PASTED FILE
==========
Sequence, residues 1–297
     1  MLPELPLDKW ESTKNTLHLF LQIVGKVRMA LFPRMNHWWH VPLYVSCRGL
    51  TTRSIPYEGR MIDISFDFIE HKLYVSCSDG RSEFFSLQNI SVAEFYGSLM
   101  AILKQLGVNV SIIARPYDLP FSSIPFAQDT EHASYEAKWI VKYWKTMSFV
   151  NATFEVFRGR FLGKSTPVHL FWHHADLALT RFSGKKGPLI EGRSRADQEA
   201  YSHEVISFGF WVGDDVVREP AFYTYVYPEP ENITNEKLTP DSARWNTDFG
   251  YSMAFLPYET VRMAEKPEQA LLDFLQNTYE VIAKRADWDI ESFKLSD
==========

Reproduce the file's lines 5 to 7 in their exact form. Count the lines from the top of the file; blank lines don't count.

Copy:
   151  NATFEVFRGR FLGKSTPVHL FWHHADLALT RFSGKKGPLI EGRSRADQEA
   201  YSHEVISFGF WVGDDVVREP AFYTYVYPEP ENITNEKLTP DSARWNTDFG
   251  YSMAFLPYET VRMAEKPEQA LLDFLQNTYE VIAKRADWDI ESFKLSD